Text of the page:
Recession: Unbranded Couch-Potatoism …

Consumers are defecting from iconic CPG brands as they try to save money by purchasing less-expensive store and private-label brands. While this trend is not new, it has become more pervasive since the economic downturn started in December 2007, per eMarketer. In fact, 59 percent of U.S. consumers reported having switched to store brand food and household products over the past six months, according to a May 2009 study by ICOM.


Recession Intensifies ‘Couch Potatoism’ as TV, Internet Converge
Some 26% more Americans chose TV as their favorite type of media than they did last year, according to a new study by Deloitte, which lends credence to the theory that the recession has intensified America’s love for television. The study revealed that more than 70% of respondents ranked TV among their top-three favorite media activities; 34% placed it at the top of the list. TV also snared more than double the numbers of the second most popular media choice, the internet, which came in at 14%, according to MediaBuyerPlanner.

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10 Branding Trends for ’10

Though US economists are cautiously predicting an uptick in consumer spending next year, the post-recession landscape will present brand marketers with new challenges, new engagement realities and new rules, and will increase pressure to prove how and why branded products deliver value, according to Dr. Robert Passikoff, president of Brand Keys.
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Using what Passikoff calls “predictive loyalty metrics” gleaned from consumer data his firm collects, Brandkeys analyzed the likely consumer values, needs and expectations for the next 12-18 months and offered the following 10 trends:
  1. Value is the new black: Consumer spending, even on sale items, will continue to be replaced by a reason-to-buy at all. This may spell  trouble for brands with no authentic meaning, whether high-end or low.
  2. Brands are increasingly a surrogate for value: What makes goods and services valuable will increasingly be what’s wrapped up in the brand and what it stands for.
  3. Brand differentiation is brand value: The unique meaning of a brand will increase in importance as generic
    features continue to propagate in the brand landscape. Awareness as a meaningful market force has long been obsolete, and differentiation will be critical for sales and profitability.
  4. “Because I said so” is over: Brand values can be established as a brand identity, but they must believably exist in the mind of the consumer. A brand can’t just say it stands for something and make it so. The consumer will decide, making it more important than ever for a brand to have measures of authenticity that will aid in brand differentiation and consumer engagement.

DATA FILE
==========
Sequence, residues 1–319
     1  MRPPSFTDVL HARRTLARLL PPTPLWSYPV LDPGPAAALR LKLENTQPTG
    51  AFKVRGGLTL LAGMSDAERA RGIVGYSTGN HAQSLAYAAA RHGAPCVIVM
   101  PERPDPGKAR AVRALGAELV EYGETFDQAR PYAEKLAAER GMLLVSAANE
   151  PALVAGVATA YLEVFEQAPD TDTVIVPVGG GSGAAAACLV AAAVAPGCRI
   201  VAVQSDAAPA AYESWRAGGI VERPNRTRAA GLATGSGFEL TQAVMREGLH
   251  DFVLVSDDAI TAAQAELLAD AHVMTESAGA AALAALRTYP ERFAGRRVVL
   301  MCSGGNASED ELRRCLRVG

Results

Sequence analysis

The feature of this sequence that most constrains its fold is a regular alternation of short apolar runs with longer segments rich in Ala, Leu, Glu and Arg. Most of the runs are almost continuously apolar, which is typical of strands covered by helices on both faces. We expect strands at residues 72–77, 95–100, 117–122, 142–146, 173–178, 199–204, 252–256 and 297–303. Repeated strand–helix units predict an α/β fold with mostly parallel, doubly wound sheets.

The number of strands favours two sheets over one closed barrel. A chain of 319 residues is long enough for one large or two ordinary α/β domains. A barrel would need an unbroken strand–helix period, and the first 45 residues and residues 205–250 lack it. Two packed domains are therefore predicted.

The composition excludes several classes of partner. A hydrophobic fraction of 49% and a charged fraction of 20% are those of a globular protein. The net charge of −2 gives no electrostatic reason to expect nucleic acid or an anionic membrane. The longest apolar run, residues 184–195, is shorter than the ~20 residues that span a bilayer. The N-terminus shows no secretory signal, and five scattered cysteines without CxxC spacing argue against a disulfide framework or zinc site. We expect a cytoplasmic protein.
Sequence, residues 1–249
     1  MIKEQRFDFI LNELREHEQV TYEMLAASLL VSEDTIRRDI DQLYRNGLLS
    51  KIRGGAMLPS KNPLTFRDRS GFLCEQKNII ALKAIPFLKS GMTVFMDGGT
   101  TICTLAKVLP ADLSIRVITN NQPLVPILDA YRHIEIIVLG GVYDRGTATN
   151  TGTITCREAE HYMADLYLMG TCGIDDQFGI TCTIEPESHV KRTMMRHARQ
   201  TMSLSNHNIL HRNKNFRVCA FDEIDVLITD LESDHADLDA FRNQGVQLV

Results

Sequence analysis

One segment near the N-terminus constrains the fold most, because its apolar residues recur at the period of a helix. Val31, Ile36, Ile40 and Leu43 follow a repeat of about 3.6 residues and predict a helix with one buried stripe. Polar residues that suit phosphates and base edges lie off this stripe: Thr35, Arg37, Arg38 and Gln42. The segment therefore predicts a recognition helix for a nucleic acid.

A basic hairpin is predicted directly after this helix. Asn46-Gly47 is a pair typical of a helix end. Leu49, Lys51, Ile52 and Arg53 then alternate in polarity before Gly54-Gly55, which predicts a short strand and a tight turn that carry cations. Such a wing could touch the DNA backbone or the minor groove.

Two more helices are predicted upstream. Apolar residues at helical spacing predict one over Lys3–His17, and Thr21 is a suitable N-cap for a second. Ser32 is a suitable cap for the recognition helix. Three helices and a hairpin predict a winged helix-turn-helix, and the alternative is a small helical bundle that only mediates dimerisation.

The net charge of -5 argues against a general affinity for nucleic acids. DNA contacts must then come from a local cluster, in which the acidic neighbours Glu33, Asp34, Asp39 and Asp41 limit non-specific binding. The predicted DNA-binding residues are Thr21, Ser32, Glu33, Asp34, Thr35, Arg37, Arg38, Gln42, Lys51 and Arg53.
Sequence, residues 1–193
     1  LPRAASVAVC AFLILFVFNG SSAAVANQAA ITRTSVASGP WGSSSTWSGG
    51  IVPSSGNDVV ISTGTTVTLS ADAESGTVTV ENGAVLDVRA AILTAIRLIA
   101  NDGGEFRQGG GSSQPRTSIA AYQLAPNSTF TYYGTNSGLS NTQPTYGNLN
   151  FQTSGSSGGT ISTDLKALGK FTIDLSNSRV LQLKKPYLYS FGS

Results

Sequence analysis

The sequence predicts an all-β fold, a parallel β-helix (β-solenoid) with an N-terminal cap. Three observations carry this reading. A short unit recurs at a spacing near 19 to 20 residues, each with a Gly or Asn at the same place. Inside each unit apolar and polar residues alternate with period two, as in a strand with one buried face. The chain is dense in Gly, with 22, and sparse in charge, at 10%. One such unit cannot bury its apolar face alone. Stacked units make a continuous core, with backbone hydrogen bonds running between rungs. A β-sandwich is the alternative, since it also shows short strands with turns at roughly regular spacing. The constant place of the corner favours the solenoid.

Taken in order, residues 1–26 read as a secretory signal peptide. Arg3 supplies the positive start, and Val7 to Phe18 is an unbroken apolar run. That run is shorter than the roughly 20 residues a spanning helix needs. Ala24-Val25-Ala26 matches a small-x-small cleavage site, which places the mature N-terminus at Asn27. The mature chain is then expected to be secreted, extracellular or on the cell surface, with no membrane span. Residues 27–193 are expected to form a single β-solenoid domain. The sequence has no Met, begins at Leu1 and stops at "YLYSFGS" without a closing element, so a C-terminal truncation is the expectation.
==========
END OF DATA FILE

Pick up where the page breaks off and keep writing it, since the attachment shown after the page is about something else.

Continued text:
5. Consumer expectations are growing: Brands are barely keeping up with consumer expectations now. Every day consumers adopt and devour the latest technologies and innovations, and hunger for more. Smarter marketers will identify and capitalize on unmet expectations. Those brands that understand where the strongest expectations exist will be the brands that survive and prosper.
  6. Old tricks don’t – and won’t – work anymore: Consumers are on to brands trying to play their emotions for profit. In the wake of the financial debacle of this past year, people are more aware then ever of the hollowness of bank ads that claim “we’re all in this together” when those same banks have rescinded their credit and turned their retirement plan into case studies. The same is true for insincere celebrity pairings – such as Seinfeld & Microsoft or Tiger Woods & Buick. Celebrity values and brand values instead need to be in concert.
  7. Consumers won’t need to know a brand to love it: As the buying space becomes even more online-driven and international (and uncontrolled by brands and corporations), front-end awareness will become less important. A brand with the right street credibility can go viral in days, with awareness following –  not leading – the conversation.
  8. It’s not just buzz: Conversation and community is increasingly important, and if consumers trust the community, they will extend trust to the brand. This means not just word of mouth, but the right word of mouth within the community. This has significant implications for future of customer service.
  9. Consumers talk with each other before talking with brands: Social networking and exchange of information outside of the brand space will increase. This – at least in theory – will mean more opportunities for brands to get involved in these spaces and meet customers where they are.
  10. Engagement is not a fad; It’s the way today’s consumers do business: Marketers will come to accept that there are four engagement methods: The platform (TV; online), the context (program; webpage), the message (ad or communication), and the experience (store/event). At the same time, they also will realize that brand engagement will become impossible using out-dated attitudinal models.
Another study from Penn, Schoen & Berland Associates, similarly proclaims that “value is the new black,” predicting that post-recession shoppers will transform into “value hunters” as they look for true value and meaning from brands, rather than just discounts.